In 1968, 80-year-old Edith Evans broke new ground as the first octogenarian actor to compete for an Oscar (Best Actress, “The Whisperers”). Since then, the academy has nominated 17 other performances given by thespians in their 80s, but prior to this year, none had been recognized in the Best Actor category. With his bid for “The Father,” Anthony Hopkins (83) has finally broken the lead male record set by 79-year-old Richard Farnsworth (“The Straight Story”) in 2000. He is the seventh-oldest acting nominee in Oscar history.
At the upcoming Academy Awards, Hopkins faces off against Riz Ahmed (“Sound of Metal”), Chadwick Boseman (“Ma Rainey’s Black Bottom”), Gary Oldman (“Mank”), and Steven Yeun (“Minari”) in the race for Best Actor. Hopkins previously won the award for “The Silence of the Lambs” in 1992. Oldman is also a past winner in the category for “Darkest Hour” (2018), while the remaining three are all first-time contenders at the Oscars.
“The Father,” which originated as a French play by Florian Zeller, was adapted for the screen by Zeller and Oscar-winner Christopher Hampton (Best Adapted Screenplay, “Dangerous Liaisons,” 1989). Zeller also directs Hopkins in the role of Anthony, whose battle with dementia worsens as the film progresses. Hopkins portrays the regrettably common affliction with great thoughtfulness and demonstrates its devastating effects with haunting authenticity.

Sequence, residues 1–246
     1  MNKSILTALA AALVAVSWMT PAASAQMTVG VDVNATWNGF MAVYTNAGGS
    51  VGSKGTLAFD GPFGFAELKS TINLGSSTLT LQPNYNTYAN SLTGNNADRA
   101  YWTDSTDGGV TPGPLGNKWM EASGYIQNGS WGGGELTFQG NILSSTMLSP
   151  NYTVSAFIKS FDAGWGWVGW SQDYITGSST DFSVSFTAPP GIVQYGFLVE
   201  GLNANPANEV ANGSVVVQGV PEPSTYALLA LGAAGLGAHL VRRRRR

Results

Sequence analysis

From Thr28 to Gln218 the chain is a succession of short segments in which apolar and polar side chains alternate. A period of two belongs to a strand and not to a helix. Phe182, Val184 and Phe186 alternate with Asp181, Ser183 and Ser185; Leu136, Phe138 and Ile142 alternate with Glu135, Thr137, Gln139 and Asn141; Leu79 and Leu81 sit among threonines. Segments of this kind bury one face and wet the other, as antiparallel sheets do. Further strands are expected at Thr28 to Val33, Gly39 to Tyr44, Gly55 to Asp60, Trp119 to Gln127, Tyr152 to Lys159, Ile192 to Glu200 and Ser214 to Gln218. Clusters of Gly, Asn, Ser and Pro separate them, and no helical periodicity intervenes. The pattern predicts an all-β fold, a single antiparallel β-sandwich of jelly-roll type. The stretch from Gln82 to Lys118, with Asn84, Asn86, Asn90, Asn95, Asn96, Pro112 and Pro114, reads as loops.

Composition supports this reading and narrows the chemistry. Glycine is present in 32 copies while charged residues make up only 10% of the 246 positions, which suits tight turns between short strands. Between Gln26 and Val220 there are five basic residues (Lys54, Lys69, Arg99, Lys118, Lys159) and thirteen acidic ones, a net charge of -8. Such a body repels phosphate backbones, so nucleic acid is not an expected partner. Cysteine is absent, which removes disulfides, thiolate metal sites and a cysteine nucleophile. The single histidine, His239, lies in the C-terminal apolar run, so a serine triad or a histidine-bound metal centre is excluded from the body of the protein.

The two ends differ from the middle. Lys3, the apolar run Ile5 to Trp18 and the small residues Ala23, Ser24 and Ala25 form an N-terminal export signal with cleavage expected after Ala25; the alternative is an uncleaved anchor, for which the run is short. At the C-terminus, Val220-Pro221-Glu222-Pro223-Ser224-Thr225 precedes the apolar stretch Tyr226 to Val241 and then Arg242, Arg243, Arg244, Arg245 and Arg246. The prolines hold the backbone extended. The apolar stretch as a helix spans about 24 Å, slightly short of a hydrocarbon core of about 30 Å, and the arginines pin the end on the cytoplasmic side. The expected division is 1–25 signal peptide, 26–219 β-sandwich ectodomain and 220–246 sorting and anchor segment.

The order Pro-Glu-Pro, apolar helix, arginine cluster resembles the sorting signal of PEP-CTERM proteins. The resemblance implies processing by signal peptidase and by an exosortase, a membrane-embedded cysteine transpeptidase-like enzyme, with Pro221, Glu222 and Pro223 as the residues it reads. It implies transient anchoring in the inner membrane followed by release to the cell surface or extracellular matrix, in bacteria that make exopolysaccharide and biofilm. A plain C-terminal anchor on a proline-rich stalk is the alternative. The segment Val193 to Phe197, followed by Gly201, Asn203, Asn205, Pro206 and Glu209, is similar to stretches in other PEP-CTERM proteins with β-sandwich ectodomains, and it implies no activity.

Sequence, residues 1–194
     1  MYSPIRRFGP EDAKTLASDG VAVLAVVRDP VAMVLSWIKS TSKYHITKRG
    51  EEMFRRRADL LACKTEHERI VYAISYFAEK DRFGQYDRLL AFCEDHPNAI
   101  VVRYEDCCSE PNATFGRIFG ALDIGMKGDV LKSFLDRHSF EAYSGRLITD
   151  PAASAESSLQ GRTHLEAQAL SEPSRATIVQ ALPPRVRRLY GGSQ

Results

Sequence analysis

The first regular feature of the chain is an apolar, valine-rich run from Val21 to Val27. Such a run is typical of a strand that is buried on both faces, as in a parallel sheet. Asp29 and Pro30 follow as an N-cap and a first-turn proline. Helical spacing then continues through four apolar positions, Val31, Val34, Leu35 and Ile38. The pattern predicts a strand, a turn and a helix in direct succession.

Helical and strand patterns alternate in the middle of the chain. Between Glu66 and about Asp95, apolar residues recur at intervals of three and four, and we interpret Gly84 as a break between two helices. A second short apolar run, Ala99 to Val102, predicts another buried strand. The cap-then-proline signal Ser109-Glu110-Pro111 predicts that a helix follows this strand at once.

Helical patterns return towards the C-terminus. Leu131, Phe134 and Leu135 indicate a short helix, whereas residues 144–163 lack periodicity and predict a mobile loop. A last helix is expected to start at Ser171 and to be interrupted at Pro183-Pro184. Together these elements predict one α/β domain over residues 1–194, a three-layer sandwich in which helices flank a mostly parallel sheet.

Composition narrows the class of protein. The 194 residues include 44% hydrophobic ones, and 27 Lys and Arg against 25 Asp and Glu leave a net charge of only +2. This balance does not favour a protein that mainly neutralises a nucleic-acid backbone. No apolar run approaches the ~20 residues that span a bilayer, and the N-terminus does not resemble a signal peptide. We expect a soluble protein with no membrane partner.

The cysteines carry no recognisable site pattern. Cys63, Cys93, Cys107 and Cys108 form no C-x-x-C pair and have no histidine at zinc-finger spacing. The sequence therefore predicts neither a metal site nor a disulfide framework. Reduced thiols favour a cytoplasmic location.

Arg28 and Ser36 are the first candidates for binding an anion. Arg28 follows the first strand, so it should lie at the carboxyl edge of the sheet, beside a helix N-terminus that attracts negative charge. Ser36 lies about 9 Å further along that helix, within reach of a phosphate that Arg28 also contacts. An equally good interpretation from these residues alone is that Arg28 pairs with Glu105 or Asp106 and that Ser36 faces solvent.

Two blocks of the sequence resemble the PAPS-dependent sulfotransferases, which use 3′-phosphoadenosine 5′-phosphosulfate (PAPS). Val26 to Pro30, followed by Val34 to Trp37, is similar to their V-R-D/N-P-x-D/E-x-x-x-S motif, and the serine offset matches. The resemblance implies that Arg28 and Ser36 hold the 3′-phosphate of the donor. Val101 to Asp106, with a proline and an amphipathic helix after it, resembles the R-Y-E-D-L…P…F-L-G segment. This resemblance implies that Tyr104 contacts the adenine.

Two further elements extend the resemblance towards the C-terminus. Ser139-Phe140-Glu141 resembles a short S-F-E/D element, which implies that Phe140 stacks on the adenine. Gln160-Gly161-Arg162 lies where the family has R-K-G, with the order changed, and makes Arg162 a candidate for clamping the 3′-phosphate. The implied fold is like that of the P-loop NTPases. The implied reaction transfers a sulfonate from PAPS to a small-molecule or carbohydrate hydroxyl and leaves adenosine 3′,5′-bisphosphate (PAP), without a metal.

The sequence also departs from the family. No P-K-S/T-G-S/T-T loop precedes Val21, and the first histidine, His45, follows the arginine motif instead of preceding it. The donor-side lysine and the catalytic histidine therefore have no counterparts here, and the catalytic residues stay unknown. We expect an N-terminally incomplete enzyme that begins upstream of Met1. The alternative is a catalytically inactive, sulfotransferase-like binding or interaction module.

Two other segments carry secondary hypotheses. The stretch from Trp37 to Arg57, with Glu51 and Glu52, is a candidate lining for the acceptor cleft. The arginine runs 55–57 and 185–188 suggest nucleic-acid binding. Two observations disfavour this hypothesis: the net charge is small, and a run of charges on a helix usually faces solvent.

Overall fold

Hopkins’s costar, Olivia Colman, is up for Best Supporting Actress for playing Anthony’s daughter, Anne. She celebrated her first Oscar nomination and win in 2019 for her lead role in “The Favourite.” “The Father” is also up for Best Picture, Best Adapted Screenplay, Best Film Editing, and Best Production Design. It is one of six films to have earned six bids this year and is thus in second place behind “Mank,” which garnered 10.
Hopkins has a total of six nominations to his name. After winning Best Actor in 1992, he vied for the same prize in 1994 (“The Remains of the Day”) and 1996 (“Nixon”). His performance in “Amistad” brought him a Best Supporting Actor bid in 1998, and he received another for “The Two Popes” just last year. He is now the oldest person to earn back-to-back acting nominations. If he triumphs this year, he will surpass Christopher Plummer (who was 82 when he won for his supporting role in 2011’s “Beginners”) and become the oldest Oscar-winning actor of all time.
This article is a part of Gold Derby’s “Oscar nominee profile” series spotlighting the 2021 contenders.
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